Trail Times file photo

Lead levels down in Trail, air quality up

Fall lead testing results revealed at THEC’s April 17 meeting at Trail City Hall

Lead levels in young children continue to drop in the Trail area, according to the latest clinical analyses.

“Our 2018 blood lead level results are the lowest to date for our community-wide average,” said Trail Mayor Lisa Pasin, chair of the Trail Area Health and Environment Committee (THEC).

“With the support of the community and through the comprehensive Trail Area Health and Environment Program, we have reached another landmark with a blood lead level under 3.0 (micrograms per decilitre). Teck Trail Operations’ continued investments in reducing fugitive dust emissions provides the greatest opportunity to further reduce lead levels in our community,” she said.

“In combination with our other programs such as soil testing and remediation, Healthy Families Healthy Homes, and lead safe renovation support, we are on course to achieve even lower blood lead levels in the future.”

Read more: THEC establishes new goals for 2020

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Testing completed in the 2018 fall clinic revealed the average blood lead level for children aged six to 36 months in Trail and Rivervale is 2.9 micrograms per decilitre (μg/dL).

This is a decrease from the 2017 average of 4 μg/dL.

(Comparably, the national average of lead levels in young children aged three to five years, is below 1.0 μg/dL, according to Statistics Canada.)

“The THEC is continuing its efforts to further reduce children’s blood lead levels and is encouraged by the decline,” the group collectively stated in a Thursday media release.

“We strive for continuous improvement working to deliver programs aimed to reduce exposure to lead in the community, and specifically exposure to children.”

Notably, the Air Quality Program, managed by Teck Trail Operations, reduces smelter emissions and makes the largest contribution to achieving health and environment goals.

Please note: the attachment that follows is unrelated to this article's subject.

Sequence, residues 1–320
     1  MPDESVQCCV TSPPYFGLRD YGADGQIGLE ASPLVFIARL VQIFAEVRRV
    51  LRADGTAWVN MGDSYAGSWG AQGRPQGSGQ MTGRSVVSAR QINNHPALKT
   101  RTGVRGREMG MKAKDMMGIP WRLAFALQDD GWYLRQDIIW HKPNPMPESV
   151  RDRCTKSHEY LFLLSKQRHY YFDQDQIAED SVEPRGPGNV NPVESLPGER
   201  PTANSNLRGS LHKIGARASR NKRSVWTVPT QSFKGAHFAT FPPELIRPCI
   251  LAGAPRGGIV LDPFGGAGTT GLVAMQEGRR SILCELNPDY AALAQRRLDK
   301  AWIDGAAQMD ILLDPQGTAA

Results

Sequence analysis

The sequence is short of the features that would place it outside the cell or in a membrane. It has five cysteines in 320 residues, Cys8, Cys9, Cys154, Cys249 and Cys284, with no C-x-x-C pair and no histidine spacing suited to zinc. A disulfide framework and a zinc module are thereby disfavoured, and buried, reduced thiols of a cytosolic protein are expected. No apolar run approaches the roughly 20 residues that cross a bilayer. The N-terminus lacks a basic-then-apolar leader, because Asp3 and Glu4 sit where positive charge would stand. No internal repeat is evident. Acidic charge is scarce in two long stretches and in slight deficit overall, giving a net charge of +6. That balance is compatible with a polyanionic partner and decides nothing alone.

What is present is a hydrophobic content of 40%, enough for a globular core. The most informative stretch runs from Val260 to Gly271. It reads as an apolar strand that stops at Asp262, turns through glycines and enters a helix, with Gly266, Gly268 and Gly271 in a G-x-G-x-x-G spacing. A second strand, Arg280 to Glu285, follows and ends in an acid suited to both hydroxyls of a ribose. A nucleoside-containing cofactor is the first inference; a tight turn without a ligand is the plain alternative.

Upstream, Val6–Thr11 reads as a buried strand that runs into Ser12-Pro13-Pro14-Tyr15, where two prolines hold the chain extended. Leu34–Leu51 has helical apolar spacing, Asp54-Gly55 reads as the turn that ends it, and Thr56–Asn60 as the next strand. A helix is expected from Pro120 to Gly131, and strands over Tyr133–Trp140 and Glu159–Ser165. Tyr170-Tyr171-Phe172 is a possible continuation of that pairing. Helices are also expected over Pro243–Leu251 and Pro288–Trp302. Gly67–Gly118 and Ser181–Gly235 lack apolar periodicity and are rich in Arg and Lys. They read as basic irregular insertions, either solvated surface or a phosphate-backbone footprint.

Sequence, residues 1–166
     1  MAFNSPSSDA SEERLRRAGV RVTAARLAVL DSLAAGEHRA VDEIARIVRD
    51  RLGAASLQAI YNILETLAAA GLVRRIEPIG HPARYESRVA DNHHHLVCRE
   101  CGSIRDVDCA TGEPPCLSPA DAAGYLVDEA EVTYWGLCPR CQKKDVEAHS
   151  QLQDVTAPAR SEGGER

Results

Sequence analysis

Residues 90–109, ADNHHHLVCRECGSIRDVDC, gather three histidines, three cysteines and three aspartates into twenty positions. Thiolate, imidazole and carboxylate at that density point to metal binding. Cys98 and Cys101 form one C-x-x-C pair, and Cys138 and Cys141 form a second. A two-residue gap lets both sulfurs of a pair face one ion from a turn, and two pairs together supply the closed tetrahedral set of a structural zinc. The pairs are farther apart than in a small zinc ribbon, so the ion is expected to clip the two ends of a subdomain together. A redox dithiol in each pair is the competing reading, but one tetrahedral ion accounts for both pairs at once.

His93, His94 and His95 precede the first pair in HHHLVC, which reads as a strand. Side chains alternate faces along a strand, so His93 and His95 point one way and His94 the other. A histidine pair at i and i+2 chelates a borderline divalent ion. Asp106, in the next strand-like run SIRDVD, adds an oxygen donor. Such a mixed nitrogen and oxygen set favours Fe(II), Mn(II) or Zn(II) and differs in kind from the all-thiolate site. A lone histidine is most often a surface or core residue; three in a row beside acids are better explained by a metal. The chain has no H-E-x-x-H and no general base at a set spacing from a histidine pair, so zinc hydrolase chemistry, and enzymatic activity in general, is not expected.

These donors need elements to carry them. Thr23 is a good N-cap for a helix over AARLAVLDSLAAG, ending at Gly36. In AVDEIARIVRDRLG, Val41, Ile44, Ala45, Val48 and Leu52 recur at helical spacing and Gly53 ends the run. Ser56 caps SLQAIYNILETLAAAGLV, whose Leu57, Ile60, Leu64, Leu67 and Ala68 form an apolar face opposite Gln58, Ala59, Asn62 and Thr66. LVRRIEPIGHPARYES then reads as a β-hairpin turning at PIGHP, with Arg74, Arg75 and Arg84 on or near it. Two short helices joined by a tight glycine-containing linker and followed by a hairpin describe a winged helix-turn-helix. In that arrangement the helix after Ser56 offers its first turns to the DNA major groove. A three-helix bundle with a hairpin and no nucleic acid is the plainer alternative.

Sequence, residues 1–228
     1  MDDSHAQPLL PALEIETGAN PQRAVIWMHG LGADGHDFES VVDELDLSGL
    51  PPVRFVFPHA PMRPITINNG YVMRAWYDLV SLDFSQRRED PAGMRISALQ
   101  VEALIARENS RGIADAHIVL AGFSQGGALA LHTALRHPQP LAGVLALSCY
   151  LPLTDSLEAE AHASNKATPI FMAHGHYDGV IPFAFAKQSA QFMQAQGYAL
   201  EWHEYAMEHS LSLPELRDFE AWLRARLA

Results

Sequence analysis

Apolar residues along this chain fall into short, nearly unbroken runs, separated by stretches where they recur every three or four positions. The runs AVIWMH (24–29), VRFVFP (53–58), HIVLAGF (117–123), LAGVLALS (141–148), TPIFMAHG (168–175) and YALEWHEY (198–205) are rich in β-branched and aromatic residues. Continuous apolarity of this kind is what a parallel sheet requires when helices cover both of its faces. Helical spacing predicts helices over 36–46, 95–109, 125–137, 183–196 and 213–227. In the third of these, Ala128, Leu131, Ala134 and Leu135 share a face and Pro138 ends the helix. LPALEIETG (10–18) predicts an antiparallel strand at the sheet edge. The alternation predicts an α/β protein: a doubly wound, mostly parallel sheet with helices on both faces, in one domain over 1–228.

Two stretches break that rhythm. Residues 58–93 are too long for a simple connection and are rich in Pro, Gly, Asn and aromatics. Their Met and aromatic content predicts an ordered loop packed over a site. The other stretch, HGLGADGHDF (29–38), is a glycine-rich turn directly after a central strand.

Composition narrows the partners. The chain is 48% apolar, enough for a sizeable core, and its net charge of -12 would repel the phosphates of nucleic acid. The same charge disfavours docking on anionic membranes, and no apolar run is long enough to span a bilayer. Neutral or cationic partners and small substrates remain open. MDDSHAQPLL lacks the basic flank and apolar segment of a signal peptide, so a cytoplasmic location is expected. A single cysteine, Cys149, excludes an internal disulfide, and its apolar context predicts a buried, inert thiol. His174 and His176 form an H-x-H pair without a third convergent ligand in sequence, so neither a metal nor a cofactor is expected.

The annual average lead in community air was 0.13 micrograms per cubic metre last year, which is a 47 per cent decrease since 2016.

This achieves and exceeds the THEC 2018 air quality goal of 0.2 micrograms per cubic metre.

“In recent years, major investments and operational improvements have been made to further reduce emissions from Teck Trail Operations, resulting in improved air quality,” said Dan Bouillon, manager, Environment Teck Trail Operations.

“Our 2018 results show a significant reduction in our air emissions, and the lowest level ever for lead in community air. Our fugitive dust reduction program is having a positive impact and we are focused on continuous improvement going forward.”

Children’s blood lead levels in Trail have trended downward and air quality has continually improved in the 20+ years since THEC first began collaborating with the local community, Teck, the B.C. ministry of environment, and Interior Health.

The ongoing decline on the local front shows real progress toward the ultimate goal which is, “no lead is good lead.”

“We are pleased to see a reduction in the blood lead geomean for children in the Trail area,” said Dr. Karin Goodison, Medical Health Officer, Interior Health.

“Even low levels of blood lead are associated with negative impacts on children’s health, so we will continue to work with THEC with the goal of further reducing exposure to lead and other environmental contaminants in the community.”

THEC is a subcommittee of Trail city council that oversees the community-led and results-driven Trail Area Health Program. The ultimate goals are to lower exposure, lower health risks and support a healthier environment through five main areas of activity: Family Health, Home and Garden, Air Quality, Parks and Wildlands, and Property Development.



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